Novel in Progress
I stopped writing for a couple of years because—as an under-published author—I knew I'd never achieve success. Success—finding an agent who'd sell my book to a legit commercial publisher would be difficult (OK, impossible) because I've self-published, vanity-published, and small press-published, all of which resulted in mediocre sales.
But I'm working on a novel again. I'll self-publish through CreateSpace, which at least won't cost me anything even if it isn't a legit publishing credit.
Since 2007, I've had 20,000 words of what was supposed to be a YA novel taking up space on my hard drive. Originally the story was called What the Dog Told Me, and was about a rural teenaged girl in 1972 whose ability to communicate with animals sets her apart from others but helps her solve a crime. I submitted the first few pages to a panel at a writing conference in 2008 and was told YA readers don't care about the early 70s and my characters were stereotypes. I abandoned the project.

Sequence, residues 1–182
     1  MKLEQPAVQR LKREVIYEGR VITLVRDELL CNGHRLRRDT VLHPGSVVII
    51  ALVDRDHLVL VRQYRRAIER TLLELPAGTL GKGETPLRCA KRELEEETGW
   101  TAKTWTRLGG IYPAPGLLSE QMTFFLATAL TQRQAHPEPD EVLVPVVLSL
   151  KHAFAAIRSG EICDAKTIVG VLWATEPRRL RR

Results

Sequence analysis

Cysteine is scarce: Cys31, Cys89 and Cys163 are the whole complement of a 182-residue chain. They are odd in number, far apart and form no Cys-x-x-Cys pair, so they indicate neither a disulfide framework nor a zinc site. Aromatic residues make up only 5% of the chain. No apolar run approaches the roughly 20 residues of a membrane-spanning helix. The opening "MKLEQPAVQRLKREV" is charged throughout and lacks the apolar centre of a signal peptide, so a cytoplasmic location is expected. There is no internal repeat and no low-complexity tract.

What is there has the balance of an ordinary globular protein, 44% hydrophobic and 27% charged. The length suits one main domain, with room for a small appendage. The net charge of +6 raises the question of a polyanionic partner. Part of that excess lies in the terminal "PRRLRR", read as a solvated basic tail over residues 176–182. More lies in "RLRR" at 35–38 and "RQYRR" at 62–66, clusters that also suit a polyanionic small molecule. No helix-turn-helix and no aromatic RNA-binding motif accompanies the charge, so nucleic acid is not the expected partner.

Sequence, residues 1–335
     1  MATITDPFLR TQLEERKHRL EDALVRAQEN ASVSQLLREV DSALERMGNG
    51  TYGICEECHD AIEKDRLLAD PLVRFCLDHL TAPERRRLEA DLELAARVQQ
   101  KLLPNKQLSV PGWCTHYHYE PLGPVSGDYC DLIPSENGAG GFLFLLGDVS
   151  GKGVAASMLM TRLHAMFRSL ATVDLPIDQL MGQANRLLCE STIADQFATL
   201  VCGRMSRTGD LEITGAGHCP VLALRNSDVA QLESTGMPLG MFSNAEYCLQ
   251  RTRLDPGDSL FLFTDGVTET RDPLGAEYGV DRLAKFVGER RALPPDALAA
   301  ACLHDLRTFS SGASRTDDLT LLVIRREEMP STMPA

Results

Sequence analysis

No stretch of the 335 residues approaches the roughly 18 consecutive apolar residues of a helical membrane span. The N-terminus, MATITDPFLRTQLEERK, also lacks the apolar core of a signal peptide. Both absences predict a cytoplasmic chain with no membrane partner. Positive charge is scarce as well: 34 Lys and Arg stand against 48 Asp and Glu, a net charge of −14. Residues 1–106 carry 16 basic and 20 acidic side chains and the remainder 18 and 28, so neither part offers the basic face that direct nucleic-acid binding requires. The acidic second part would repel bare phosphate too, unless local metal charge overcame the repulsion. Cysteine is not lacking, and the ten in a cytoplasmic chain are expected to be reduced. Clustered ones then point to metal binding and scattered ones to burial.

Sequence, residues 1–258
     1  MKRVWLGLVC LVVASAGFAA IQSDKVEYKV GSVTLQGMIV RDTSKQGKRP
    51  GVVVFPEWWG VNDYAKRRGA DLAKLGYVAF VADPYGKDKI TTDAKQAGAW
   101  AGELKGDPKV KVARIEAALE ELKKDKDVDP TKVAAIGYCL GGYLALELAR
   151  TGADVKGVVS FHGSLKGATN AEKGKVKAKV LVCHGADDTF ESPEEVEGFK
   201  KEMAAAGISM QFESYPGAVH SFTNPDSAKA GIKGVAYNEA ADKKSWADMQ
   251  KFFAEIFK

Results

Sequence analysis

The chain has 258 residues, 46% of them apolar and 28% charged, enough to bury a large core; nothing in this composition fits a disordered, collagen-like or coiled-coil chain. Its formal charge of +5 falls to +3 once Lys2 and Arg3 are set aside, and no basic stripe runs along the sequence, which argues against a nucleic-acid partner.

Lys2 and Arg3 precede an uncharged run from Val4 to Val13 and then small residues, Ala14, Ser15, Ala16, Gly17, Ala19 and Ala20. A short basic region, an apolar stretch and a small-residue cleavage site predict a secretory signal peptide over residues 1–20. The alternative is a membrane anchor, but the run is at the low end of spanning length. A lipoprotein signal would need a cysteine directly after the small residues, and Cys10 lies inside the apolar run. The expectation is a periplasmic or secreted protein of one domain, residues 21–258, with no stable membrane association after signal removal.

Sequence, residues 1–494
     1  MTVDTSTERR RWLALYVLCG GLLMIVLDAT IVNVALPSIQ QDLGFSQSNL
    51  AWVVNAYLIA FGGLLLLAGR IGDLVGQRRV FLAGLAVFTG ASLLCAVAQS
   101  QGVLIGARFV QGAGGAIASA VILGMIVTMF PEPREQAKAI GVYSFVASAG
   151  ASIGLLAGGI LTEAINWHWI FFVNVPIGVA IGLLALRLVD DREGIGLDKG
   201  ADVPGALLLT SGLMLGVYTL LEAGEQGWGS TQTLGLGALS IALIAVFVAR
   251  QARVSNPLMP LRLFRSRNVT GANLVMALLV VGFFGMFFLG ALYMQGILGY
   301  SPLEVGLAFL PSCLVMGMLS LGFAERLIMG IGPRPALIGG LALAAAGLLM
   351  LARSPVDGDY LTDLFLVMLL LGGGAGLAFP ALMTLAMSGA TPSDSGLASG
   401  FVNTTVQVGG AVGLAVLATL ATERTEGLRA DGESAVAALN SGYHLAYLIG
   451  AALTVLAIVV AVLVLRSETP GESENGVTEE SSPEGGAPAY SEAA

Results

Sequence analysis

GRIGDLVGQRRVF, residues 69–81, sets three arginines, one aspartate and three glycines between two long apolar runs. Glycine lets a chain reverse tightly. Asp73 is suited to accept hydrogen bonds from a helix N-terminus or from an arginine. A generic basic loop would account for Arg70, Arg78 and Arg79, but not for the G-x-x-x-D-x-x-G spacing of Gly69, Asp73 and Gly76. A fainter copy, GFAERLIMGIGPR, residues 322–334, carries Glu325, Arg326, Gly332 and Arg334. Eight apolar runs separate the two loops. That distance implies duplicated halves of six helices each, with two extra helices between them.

A few years ago, I started working on the idea again. This time titled If Only We Listen, the novel was about an animal communicator whose mystery-solving experience in the 70s echoed what she was doing now. It was a disaster because the first chapter pretty much gave away what had happened in the 70s. So I abandoned it again.
But a few things happened in the last year or so that made me give the doomed novel another try. I became interested in genealogy and learned a lot about my family's migration through Virginia—some stayed in one place, but others moved on. A DNA test revealed that I was a lot more Irish than I'd thought. And, thanks to the Internet and a Facebook genealogy group, I found out a lot about the mysterious death of my great-aunt in 1911. A cousin said I should make that aunt's story into a book. While it wasn't enough for a book, it was good for several scenes in a book, though. And the plot of my abandoned novel took on some new dimensions.
Them That Go, told from the viewpoint of a seventeen-year-old girl with a special gift, is an Appalachian novel about a secret revealed, a mystery solved, and a life forever changed. I'm within a thousand words or so of having it finished. Maybe.
To get the feel of the setting, I immersed myself in Appalachian culture. I'd enjoyed reading Janice Holt Giles's books back in the 80s and revisited them. Two of the books below were about her moving to a ridge in Kentucky and eventually building a house.